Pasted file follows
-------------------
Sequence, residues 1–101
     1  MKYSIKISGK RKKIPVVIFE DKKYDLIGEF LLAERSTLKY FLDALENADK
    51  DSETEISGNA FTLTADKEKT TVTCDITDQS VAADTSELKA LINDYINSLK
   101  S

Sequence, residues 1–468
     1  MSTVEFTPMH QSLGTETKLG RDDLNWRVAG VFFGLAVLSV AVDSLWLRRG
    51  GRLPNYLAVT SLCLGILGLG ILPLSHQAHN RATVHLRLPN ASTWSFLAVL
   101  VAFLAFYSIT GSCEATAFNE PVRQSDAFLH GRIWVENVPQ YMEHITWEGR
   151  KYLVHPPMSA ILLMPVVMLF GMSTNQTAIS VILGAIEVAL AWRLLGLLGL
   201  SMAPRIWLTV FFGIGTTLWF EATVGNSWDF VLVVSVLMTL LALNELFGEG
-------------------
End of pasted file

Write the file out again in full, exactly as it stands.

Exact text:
Sequence, residues 1–101
     1  MKYSIKISGK RKKIPVVIFE DKKYDLIGEF LLAERSTLKY FLDALENADK
    51  DSETEISGNA FTLTADKEKT TVTCDITDQS VAADTSELKA LINDYINSLK
   101  S

Sequence, residues 1–468
     1  MSTVEFTPMH QSLGTETKLG RDDLNWRVAG VFFGLAVLSV AVDSLWLRRG
    51  GRLPNYLAVT SLCLGILGLG ILPLSHQAHN RATVHLRLPN ASTWSFLAVL
   101  VAFLAFYSIT GSCEATAFNE PVRQSDAFLH GRIWVENVPQ YMEHITWEGR
   151  KYLVHPPMSA ILLMPVVMLF GMSTNQTAIS VILGAIEVAL AWRLLGLLGL
   201  SMAPRIWLTV FFGIGTTLWF EATVGNSWDF VLVVSVLMTL LALNELFGEG